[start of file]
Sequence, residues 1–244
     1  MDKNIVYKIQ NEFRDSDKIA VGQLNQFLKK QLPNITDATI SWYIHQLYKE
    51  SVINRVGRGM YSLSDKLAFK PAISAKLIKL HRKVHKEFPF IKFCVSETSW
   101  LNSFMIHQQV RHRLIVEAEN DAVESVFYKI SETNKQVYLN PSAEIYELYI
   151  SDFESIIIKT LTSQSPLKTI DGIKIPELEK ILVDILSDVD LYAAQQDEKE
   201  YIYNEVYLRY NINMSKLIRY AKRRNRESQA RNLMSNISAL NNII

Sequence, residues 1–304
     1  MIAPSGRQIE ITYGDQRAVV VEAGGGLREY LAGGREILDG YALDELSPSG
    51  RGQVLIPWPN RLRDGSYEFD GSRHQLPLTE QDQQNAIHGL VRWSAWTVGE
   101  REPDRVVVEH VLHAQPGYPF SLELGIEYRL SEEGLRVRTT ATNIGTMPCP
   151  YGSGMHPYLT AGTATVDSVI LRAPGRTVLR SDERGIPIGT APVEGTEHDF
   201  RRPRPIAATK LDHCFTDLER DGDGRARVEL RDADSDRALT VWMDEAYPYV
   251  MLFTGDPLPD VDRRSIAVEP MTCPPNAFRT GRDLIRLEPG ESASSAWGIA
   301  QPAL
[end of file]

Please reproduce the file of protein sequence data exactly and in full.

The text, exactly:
Sequence, residues 1–244
     1  MDKNIVYKIQ NEFRDSDKIA VGQLNQFLKK QLPNITDATI SWYIHQLYKE
    51  SVINRVGRGM YSLSDKLAFK PAISAKLIKL HRKVHKEFPF IKFCVSETSW
   101  LNSFMIHQQV RHRLIVEAEN DAVESVFYKI SETNKQVYLN PSAEIYELYI
   151  SDFESIIIKT LTSQSPLKTI DGIKIPELEK ILVDILSDVD LYAAQQDEKE
   201  YIYNEVYLRY NINMSKLIRY AKRRNRESQA RNLMSNISAL NNII

Sequence, residues 1–304
     1  MIAPSGRQIE ITYGDQRAVV VEAGGGLREY LAGGREILDG YALDELSPSG
    51  RGQVLIPWPN RLRDGSYEFD GSRHQLPLTE QDQQNAIHGL VRWSAWTVGE
   101  REPDRVVVEH VLHAQPGYPF SLELGIEYRL SEEGLRVRTT ATNIGTMPCP
   151  YGSGMHPYLT AGTATVDSVI LRAPGRTVLR SDERGIPIGT APVEGTEHDF
   201  RRPRPIAATK LDHCFTDLER DGDGRARVEL RDADSDRALT VWMDEAYPYV
   251  MLFTGDPLPD VDRRSIAVEP MTCPPNAFRT GRDLIRLEPG ESASSAWGIA
   301  QPAL